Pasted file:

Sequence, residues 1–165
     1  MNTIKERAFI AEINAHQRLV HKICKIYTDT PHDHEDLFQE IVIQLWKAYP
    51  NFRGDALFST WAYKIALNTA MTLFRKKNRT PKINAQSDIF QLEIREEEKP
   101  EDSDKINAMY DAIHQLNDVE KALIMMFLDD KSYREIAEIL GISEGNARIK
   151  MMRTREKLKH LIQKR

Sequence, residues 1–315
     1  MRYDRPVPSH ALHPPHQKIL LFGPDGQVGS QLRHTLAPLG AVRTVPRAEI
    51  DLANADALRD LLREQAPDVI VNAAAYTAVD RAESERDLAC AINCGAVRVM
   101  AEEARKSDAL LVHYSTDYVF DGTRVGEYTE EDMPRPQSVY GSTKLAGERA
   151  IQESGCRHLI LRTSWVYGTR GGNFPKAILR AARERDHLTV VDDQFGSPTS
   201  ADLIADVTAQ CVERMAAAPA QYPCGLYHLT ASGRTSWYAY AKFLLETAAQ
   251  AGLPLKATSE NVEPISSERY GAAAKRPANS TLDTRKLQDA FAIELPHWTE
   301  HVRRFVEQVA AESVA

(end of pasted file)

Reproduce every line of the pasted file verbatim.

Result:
Sequence, residues 1–165
     1  MNTIKERAFI AEINAHQRLV HKICKIYTDT PHDHEDLFQE IVIQLWKAYP
    51  NFRGDALFST WAYKIALNTA MTLFRKKNRT PKINAQSDIF QLEIREEEKP
   101  EDSDKINAMY DAIHQLNDVE KALIMMFLDD KSYREIAEIL GISEGNARIK
   151  MMRTREKLKH LIQKR

Sequence, residues 1–315
     1  MRYDRPVPSH ALHPPHQKIL LFGPDGQVGS QLRHTLAPLG AVRTVPRAEI
    51  DLANADALRD LLREQAPDVI VNAAAYTAVD RAESERDLAC AINCGAVRVM
   101  AEEARKSDAL LVHYSTDYVF DGTRVGEYTE EDMPRPQSVY GSTKLAGERA
   151  IQESGCRHLI LRTSWVYGTR GGNFPKAILR AARERDHLTV VDDQFGSPTS
   201  ADLIADVTAQ CVERMAAAPA QYPCGLYHLT ASGRTSWYAY AKFLLETAAQ
   251  AGLPLKATSE NVEPISSERY GAAAKRPANS TLDTRKLQDA FAIELPHWTE
   301  HVRRFVEQVA AESVA